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Reading is a habit and keeps the mind alive

China Daily | Updated: 2017-04-25 07:08

Reading is a habit and keeps the mind alive

Readers at the Zhaoqing Temple library. Photos by Zhu Genrong / For China Daily

The 22nd annual World Book Day fell on Sunday. Although, on average, Chinese adults read 7.86 books in 2016, 0.02 more than in 2015, the number still lags far behind countries such as Japan or Germany.

And although Chinese are spending more time reading paper books in recent years, the increase has been far outpaced by the surge of reading on mobile devices. In 2016, an adult Chinese read paper books for an average of about 20 minutes. They read up to about 74 minutes on mobile devices, 3.7 times higher than paper book-reading time.

We now have more information at our fingertips than ever before. So, why should we value reading? An important reason is that, compared with knowledge that is fragmented or acquired through passive reception, reading provides systematic knowledge and encourages holistic thinking.

Officials should read more. The information explosion has made it all the more important for leading officials to read and improve themselves. But the current reading situation among leading officials is not very promising. Some officials don't do a good job of reading and they give a variety of excuses. Some blame their failure to read on their tight schedules or lack of time. But reading and study should be taken as a "life attitude, responsibility, and spiritual pursuit."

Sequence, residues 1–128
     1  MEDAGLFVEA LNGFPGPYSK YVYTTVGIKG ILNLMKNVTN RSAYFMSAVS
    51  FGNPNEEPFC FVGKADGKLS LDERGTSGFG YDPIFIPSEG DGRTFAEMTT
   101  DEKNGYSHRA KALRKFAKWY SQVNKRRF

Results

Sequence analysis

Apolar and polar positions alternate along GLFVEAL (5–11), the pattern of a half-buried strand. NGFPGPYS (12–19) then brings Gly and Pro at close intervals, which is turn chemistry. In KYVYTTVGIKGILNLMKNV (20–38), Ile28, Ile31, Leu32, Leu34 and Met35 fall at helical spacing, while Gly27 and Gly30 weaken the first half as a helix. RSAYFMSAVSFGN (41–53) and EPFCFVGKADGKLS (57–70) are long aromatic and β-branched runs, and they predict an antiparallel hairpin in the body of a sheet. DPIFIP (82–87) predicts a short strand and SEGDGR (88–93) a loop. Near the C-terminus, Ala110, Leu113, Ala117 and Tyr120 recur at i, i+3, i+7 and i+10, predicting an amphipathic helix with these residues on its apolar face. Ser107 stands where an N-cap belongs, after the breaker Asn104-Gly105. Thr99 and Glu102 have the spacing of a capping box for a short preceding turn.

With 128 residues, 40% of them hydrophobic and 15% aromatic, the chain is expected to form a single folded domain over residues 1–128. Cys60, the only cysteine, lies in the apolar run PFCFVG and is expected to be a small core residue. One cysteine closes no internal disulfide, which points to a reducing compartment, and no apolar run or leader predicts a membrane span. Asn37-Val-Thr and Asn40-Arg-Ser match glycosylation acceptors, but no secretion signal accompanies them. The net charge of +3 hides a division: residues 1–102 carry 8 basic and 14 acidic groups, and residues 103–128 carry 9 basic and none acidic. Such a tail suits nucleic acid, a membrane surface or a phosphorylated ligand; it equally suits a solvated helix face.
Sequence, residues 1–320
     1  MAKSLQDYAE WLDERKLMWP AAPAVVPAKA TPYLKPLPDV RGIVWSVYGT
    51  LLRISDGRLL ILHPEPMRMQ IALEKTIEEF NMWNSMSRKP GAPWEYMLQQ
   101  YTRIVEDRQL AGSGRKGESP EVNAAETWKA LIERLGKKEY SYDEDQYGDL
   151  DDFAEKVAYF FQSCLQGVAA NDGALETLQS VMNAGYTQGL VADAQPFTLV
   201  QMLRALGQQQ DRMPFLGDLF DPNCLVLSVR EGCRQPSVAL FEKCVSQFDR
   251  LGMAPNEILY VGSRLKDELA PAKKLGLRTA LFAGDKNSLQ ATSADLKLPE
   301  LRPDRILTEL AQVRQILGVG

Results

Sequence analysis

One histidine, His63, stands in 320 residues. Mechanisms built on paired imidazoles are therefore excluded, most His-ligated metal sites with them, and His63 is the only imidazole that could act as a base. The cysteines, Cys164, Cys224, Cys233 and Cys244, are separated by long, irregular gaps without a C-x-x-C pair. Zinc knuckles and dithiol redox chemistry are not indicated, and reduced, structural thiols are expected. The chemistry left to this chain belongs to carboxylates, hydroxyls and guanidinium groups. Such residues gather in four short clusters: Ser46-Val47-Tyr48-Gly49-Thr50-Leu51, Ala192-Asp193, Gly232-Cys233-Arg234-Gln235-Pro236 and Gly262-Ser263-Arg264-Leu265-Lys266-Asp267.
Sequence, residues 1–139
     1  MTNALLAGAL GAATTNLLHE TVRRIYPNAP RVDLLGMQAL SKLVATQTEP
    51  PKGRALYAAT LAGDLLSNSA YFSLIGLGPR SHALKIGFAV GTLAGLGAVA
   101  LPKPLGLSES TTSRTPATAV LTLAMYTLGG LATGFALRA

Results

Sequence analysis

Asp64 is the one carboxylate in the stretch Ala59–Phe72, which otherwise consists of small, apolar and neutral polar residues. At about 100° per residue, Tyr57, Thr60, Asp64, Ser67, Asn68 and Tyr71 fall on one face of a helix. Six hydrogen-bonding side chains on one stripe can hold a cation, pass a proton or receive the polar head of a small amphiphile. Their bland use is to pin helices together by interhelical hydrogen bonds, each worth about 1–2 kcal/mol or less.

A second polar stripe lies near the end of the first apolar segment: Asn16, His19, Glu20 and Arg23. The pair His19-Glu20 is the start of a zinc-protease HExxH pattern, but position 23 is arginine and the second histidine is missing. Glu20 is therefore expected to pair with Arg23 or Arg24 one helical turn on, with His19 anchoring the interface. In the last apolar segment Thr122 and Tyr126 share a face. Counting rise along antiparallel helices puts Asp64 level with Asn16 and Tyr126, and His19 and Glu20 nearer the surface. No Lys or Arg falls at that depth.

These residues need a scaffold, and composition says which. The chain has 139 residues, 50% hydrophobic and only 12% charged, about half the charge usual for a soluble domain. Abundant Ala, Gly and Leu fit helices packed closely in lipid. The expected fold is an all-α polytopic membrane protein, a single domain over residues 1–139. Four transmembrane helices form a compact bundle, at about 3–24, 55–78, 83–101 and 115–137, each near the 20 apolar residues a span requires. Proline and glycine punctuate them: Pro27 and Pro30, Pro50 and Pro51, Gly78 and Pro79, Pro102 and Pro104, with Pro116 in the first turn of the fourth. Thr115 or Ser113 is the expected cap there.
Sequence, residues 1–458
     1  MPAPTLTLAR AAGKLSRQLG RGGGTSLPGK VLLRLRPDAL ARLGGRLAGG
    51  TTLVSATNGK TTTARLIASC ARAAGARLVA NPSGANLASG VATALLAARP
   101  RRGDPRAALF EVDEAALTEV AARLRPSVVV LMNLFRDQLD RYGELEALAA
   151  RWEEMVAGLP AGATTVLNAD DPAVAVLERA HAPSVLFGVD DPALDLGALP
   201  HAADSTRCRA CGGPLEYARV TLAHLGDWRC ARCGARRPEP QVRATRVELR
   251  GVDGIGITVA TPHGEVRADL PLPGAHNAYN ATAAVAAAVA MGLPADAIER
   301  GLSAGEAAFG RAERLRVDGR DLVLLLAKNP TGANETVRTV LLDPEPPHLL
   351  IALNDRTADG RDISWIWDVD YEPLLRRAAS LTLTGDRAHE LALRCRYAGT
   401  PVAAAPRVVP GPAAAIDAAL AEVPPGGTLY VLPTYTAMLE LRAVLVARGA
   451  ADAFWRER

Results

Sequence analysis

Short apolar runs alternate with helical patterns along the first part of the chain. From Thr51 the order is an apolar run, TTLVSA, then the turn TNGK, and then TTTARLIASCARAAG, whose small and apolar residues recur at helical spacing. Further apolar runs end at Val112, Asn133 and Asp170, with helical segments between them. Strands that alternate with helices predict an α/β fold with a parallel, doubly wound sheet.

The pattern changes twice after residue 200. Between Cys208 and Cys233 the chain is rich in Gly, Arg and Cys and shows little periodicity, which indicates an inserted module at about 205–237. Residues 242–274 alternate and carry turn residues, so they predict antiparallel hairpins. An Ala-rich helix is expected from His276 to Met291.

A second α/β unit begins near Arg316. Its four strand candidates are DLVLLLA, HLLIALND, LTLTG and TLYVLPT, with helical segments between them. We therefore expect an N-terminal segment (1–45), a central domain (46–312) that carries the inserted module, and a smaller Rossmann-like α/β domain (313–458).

The low-level of reading nowadays is worrisome. People are bending their heads down a lot, but mostly for on-screen "shallow" reading; and while libraries are getting better and better, good books are more and more difficult to find. We need to put our minds together and figure out how to improve the supply of book resources, so that people's quality of reading is improved. More important, we must beat the addiction that some people have to their mobile devices and the internet, so that reading enriches our spirit and our lives.

For the question, "Where'd all the time go?" President Xi Jinping has a simple answer: Make time outside of work to study. When he worked in rural Shaanxi province, he walked 15 kilometers to borrow a book, he would read while eating, and he frequently recommends books to officials. Reading is a habit. It's a way of life. "Reading keeps the mind alive, gives people wisdom and inspiration, and cultivates a noble spirit."

The article first appeared on the website of People's Daily.

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